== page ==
From The Inbox

From the Morning Read inbox

Non-compliance with drivers raises questions
Watching the British Open, I was shocked to hear that as many as four of 30 drivers tested by the R&A were non-compliant.

The questions and implications that this fact raises are interesting and hugely relevant to hosting a fair tournament. These four golfers were required on very short notice to procure a compliant driver. This is a potentially huge competitive disadvantage to a professional golfer, exceeded perhaps only by a putter being deemed non-compliant and requiring placement on short notice.

Another question is, how representative is this sample? If 13 percent of the field is using non-compliant equipment, that is shocking. Why doesn’t such a large incidence of non-compliance result in expanded testing? Is it feasible for all players’ drivers to be tested so that the playing field is level?

What does such a large incidence of non-compliance say about the integrity of the golf club and its owner? It is too easy to blame the golf-club manufacturer. Isn’t each player ultimately responsible for the equipment that he uses? Further, I am unclear what advantage a “hot” driver has on a links course, where control of the ball, avoidance of the fairway bunkers and estimation of rollout are key, and a “hot” driver may in fact be a hindrance.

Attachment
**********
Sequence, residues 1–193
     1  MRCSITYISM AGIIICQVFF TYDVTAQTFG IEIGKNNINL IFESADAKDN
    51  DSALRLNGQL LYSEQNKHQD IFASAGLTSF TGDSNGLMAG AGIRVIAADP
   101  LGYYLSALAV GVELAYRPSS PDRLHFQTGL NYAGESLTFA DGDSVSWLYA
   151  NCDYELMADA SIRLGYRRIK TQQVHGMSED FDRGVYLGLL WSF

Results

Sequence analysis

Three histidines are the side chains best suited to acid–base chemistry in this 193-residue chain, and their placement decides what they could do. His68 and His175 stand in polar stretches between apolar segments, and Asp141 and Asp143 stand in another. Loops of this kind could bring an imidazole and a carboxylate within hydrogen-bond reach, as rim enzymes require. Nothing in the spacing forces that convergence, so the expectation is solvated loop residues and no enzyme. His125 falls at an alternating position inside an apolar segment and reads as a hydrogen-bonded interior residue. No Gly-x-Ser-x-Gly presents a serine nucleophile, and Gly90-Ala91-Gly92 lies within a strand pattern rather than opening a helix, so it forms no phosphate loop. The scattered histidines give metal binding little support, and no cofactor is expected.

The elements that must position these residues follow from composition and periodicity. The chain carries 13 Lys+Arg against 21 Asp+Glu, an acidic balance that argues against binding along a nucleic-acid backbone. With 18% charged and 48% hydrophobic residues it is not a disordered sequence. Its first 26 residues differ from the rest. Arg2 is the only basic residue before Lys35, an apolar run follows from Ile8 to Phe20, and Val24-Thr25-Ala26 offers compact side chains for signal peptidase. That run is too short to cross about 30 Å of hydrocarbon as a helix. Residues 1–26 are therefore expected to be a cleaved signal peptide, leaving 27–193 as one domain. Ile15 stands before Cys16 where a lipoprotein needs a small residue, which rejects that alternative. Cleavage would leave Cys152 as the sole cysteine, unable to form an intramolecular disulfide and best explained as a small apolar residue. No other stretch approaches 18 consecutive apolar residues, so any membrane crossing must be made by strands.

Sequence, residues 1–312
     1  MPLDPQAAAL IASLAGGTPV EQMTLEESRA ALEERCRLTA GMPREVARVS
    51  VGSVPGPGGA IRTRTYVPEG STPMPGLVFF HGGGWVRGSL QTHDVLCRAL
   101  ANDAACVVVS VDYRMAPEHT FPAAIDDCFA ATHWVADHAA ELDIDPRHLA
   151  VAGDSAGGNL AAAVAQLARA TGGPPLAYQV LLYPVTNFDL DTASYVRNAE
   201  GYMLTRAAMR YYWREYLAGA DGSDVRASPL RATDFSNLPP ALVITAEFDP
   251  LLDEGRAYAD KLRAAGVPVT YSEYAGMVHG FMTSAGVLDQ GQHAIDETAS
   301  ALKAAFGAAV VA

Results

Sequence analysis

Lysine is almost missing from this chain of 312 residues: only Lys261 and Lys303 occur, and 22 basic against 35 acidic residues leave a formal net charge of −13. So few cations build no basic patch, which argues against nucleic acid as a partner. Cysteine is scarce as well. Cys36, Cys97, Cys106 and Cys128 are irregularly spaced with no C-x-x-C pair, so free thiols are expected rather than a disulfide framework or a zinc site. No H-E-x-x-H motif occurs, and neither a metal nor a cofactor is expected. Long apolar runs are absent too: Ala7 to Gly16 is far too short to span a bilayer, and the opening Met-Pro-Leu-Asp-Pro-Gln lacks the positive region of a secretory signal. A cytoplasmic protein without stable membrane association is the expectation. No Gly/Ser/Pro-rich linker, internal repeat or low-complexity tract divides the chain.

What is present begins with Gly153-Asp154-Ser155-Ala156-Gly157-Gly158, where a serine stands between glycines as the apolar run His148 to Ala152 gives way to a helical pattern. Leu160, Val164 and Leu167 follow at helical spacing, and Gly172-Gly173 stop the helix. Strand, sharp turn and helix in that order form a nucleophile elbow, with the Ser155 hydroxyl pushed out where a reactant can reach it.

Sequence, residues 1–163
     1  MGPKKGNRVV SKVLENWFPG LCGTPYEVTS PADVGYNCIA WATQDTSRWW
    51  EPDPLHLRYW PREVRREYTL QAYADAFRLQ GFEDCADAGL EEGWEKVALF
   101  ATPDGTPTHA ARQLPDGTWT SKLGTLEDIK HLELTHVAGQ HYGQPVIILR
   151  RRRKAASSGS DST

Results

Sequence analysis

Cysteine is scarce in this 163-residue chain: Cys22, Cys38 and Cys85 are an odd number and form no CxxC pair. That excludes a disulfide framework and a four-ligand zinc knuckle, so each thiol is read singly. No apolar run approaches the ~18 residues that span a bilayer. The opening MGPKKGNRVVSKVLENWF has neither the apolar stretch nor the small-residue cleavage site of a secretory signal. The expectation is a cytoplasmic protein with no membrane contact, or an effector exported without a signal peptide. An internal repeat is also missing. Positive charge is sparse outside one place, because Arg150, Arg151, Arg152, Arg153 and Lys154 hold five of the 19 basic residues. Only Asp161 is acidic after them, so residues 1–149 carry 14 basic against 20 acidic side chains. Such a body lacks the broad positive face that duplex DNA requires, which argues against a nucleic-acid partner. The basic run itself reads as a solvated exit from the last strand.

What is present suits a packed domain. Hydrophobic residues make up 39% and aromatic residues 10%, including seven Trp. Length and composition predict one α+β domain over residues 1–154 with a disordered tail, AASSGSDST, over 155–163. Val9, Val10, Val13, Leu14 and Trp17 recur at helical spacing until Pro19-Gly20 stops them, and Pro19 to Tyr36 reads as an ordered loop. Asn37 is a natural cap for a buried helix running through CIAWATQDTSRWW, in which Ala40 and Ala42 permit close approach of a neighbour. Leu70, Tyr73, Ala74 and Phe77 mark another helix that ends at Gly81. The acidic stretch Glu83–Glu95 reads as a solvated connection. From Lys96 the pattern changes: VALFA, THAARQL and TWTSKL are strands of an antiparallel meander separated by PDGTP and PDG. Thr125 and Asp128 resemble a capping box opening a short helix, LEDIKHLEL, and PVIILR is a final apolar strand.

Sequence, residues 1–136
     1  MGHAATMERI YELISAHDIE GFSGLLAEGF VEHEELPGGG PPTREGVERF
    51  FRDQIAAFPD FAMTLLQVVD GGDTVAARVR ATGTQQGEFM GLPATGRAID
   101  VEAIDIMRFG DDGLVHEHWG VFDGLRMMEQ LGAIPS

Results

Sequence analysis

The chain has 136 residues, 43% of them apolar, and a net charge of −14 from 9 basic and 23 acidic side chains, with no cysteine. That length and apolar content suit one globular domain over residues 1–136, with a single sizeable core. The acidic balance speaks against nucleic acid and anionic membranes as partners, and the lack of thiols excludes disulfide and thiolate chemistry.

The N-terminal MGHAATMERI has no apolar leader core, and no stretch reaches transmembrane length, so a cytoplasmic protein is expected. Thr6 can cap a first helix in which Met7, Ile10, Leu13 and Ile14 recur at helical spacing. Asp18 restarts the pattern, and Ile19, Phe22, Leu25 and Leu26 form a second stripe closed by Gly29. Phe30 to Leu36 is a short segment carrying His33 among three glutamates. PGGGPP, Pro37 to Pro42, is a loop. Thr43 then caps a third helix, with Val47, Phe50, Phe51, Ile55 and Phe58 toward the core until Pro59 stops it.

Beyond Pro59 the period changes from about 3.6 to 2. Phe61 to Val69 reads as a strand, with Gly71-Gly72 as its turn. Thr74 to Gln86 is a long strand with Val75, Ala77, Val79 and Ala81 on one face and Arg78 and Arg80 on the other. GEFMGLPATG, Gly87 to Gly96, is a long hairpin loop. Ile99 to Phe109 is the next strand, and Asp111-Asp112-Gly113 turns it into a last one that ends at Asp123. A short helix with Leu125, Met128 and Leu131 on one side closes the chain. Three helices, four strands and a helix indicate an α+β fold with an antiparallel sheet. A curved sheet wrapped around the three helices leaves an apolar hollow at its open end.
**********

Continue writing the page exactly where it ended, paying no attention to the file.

Finally, why is professional golf and its spokespeople taking a path of silence with regard to this issue, their testing procedures and how such non-compliance could occur? For a sport in which integrity is everything, I think full disclosure and transparency in everything should be the order of the day.

Mike Kukelko
Oak Bluff, Manitoba


Observations about Open and Portrush
Shane Lowry played great in winning the British Open. Credit his great play first and how well he did in brutal conditions.

It was not the most compelling major championship I've ever watched. I’m mixed about the Royal Portrush course. There was nothing truly memorable about it.

Tommy Fleetwood's day to win a big tournament will happen soon enough.

How many people will watch the FedEx Cup now that it’s going to be over before football starts? That’s the big question now.

David Coleman
Middleburg Heights, Ohio
(Coleman is a PGA professional.)


Royal Portrush proves itself worthy
J.B. Holmes, one of the British Open co-leaders, shot 87 in the final round, and very few of the last eight groups came close to par. Do you think that maybe Royal Portrush is tough enough now? (“From the Morning Read inbox,” July 20).

I'd be amazed if the Open doesn't go back there quite soon as the crowds were fantastic, the golf was fabulous and the tournament fits perfectly.

Garen Eggleston
The Villages, Fla.


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